kootenay landscape logo kootenay landscape
homepage background
bringing landscape to life
QUESTION: Are there any benefits to landscaping your yard?

ANSWER: The first and foremost benefit of landscaping your yard is having your own space where you can be surrounded by natural elements. If you have your own backyard getaway where you can unwind you won't need to travel to have a time of relaxation.

Landscaping can also increase the practical usability of your property. A carefully planned and landscaped yard can double or triple the square footage of living space by creating outdoor rooms. With different areas for cooking, dining, recreation, and relaxation, you have more living options than if you relied solely on the inside of your house.

Properly placed trees can shade your house, keeping it cool in July and August but allow the warm rays of the sun to shine through when you want them in the winter. This will save you money on heating and cooling costs and give you a respite from the hot summer sun. And of course, trees are marvelous to look at, as well.

The fact that landscaping will increase the value of your property means that landscaping is also a financial investment in your home. Even if you eventually sell your property, you can easily recover the cost of the landscaping, and in the meantime you can enjoy it to the maximum.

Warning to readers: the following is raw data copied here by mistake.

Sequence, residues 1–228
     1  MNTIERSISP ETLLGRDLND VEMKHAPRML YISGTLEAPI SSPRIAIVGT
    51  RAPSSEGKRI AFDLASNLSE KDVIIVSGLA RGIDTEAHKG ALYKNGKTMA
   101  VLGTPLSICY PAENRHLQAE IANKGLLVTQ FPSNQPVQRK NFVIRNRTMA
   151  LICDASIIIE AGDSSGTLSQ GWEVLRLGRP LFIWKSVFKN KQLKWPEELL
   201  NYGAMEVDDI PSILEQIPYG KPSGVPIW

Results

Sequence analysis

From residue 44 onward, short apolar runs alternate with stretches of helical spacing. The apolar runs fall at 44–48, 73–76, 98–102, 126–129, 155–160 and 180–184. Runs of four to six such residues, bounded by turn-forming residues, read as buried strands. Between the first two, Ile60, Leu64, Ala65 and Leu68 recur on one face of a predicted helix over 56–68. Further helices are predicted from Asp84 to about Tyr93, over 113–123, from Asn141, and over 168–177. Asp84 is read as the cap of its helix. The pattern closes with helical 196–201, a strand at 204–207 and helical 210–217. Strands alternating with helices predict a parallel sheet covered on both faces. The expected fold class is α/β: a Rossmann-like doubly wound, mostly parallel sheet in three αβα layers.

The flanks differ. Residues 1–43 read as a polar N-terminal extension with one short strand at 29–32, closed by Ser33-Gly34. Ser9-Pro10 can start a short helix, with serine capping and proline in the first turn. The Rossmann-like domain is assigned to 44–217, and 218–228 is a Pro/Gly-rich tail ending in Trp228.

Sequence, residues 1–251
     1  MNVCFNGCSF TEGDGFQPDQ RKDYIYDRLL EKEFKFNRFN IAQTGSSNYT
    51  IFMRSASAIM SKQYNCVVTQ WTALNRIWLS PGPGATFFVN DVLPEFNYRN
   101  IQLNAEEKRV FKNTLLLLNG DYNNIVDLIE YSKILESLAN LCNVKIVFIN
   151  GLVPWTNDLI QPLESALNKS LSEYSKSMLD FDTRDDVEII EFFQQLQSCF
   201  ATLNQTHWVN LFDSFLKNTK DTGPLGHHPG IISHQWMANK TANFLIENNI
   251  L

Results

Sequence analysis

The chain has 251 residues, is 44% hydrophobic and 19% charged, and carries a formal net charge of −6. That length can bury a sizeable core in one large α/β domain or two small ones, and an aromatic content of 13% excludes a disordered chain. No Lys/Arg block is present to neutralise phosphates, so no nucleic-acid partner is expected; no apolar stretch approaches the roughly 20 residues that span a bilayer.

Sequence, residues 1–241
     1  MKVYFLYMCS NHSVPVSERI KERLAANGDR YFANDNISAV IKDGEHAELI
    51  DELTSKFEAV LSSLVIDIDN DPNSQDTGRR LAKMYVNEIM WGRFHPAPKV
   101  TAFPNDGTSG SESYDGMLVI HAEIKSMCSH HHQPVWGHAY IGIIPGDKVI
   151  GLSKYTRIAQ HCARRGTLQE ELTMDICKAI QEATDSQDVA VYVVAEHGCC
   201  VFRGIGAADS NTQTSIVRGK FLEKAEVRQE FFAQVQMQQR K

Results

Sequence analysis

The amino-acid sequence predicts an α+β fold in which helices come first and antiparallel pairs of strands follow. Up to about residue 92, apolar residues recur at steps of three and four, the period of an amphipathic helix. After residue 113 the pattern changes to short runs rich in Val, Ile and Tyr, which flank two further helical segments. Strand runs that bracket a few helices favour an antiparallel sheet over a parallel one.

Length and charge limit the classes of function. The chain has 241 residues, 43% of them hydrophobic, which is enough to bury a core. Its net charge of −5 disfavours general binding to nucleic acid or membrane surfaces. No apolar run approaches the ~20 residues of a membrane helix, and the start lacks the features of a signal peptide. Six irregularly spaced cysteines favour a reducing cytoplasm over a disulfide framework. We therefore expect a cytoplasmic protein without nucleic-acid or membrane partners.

QUESTION: When should we install our new home landscape?

ANSWER: Installing your landscape on a new home yard should be delayed until settling has finished. The areas around your homes foundation have been excavated and loosened, therefore some settling will occur after your home is built. You can speed up settling of your yard by soaking the soil around foundations. Natural settling usually takes about a year. We can help you identify if your settling is finished.

QUESTION: What is hardscaping?

ANSWER: Hardscaping," or "hardscape" refers to the inanimate (i.e., non-living) elements of a landscape. Hardscaping includes elements made from wood, even though wood was once animate (in the form of trees). Living plants, by contrast, constitute the "softscaping" or "softscape." In particular, as the name implies, "hardscaping" refers to hard elements such as those composed of concrete, brick or stone, in addition to wood. For instance, constructing a patio or deck is a hardscaping project, as is a brick walkway, a stone wall, or a wooden fence. But hardscaping goes beyond large-scale projects such as these. Any non-living ornamentation in your landscaping is, technically, part of your hardscaping.

QUESTION: When implementing landscape plans, do I start with hardscaping or softscape?

ANSWER: Start with the hardscaping. It's easiest to work on hardscaping projects when you don't have a lot of plants in the way -- plants that could easily be damaged, as well, in the course of your hardscaping projects.
Think Spring